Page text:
Union Pacific

The federal court has ordered Union Pacific and the city of Palestine to enter into mediation.

Federal courts have ordered Union Pacific and the City of Palestine to find a mediator by April to negotiate a compromise between the two sides. Such an agreement could avert a lengthy and costly trial over UP's suit to scrap its 150-year-old contract with the city and county and remove 65 local employees.

Under the court order, both parties have until August to find middle ground. They then have until January – 28 days before a potential trial – to settle the matter.

State and federal courts require litigants to enter into mediation. “We'll follow the rules of the court and mediate, but we still intend to win,” Palestine Mayor Steve Presley told the Herald-Press. “Mediation is not giving up – it's just something the court requires.”

Union Pacific's case against Palestine and Anderson County is still scheduled to be heard in federal court next February – if a compromise is not reached before then.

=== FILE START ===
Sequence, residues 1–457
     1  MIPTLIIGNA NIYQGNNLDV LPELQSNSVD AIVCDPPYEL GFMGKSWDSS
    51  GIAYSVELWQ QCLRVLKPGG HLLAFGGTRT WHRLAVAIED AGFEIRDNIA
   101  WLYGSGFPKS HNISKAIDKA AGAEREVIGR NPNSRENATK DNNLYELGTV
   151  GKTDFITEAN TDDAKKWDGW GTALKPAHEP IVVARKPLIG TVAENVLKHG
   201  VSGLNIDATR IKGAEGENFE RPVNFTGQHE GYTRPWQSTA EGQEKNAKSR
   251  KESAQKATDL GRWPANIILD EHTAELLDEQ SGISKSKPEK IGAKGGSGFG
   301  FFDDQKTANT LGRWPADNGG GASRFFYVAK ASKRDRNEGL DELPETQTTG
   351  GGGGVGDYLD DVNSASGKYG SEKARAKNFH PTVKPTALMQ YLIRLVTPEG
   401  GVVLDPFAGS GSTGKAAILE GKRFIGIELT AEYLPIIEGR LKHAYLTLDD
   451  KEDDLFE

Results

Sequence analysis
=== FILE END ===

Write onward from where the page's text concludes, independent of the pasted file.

At issue, if mediation talks fail, is whether federal or district court should decide the case. Attorney James Allison, of Allison, Bass & Magee, the Austin law firm representing the city and county, wants the trial moved out of federal court.

UP lawyers want the case to remain in federal court because, they argue, federal law pre-empts a 1954 contract that validates the railroad's current agreement with the city and county. Attorneys for the city argue UP has no legal standing to contest the 1954 agreement.

Union Pacific maintains it is based in Nebraska, thereby requiring federal court to hear the case. Palestine claims the company also has a home base in Houston, in which case district court would preside.

In November, Union Pacific filed suit in federal court to scrap its contract with the city.

The contract stipulates that Union Pacific will retain a facility and certain number of employees in Palestine – currently set at 65.

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